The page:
What happens to blood pressure in cerebral edema; does systolic and diastolic rise equally? So the pulse actually slows down? Can't find anything about that, please help
$\begingroup$ Can you rephrase your question please? Is your question on whether blood pressure decreases when you have cerebral edema? $\endgroup$– The Last WordJul 9, 2014 at 10:57
In cerebral oedema the observations (blood pressure, pulse, respiratory rate etc.) can be all over the place. They can depend on the cause e.g. infectious more likely to have raised pulse (tachycardia) with lower blood pressure (shock) but with the anxiety there might be raised blood pressure. Then with the vomiting, a symptom of cerebral oedema, this could lead to dehydration which leads to lower blood pressure or movement of fluid from the blood to the brain because it is oedematous could also drop the blood pressure. With the cerebral oedema affecting different structures, particularly the brain stem in coning (brain swells, pushes brain out through the big hole at the bottom where all the nerves come out particularly affecting respiratory rate) the respiratory rate could be low. It could also be high due to structures getting less oxygen causing the body to push the sympathetic nervous system to increase heart rate and respiratory rate.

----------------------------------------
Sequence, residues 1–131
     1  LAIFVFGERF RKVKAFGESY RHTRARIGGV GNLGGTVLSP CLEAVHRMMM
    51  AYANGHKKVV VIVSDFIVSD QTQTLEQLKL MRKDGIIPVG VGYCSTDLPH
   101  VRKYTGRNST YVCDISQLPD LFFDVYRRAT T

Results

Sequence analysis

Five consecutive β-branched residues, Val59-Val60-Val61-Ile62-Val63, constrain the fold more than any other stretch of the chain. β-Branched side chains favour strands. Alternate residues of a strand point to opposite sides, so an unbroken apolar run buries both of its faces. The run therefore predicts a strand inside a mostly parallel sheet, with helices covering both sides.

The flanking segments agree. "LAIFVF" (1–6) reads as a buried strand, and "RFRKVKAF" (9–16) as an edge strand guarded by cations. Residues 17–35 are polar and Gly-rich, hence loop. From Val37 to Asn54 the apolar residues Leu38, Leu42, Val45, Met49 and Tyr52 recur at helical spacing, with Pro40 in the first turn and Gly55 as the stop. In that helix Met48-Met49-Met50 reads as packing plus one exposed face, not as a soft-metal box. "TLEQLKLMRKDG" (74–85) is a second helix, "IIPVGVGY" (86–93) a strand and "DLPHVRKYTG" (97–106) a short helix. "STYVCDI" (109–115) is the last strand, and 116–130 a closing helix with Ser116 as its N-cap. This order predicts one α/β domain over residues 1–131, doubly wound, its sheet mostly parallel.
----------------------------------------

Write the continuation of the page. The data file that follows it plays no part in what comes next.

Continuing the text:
In conclusion, things can be completely over the place but usually blood pressure is low and there's reflex tachycardia for the reasons explained above. For these reasons, to diagnose cerebral oedema we usually use the characteristic symptoms of nausea, vomiting, faintness and other features in a patient we know is at risk because of the signs and symptoms of the original disease or cause of the cerebral oedema e.g. the cancer, trauma or infection.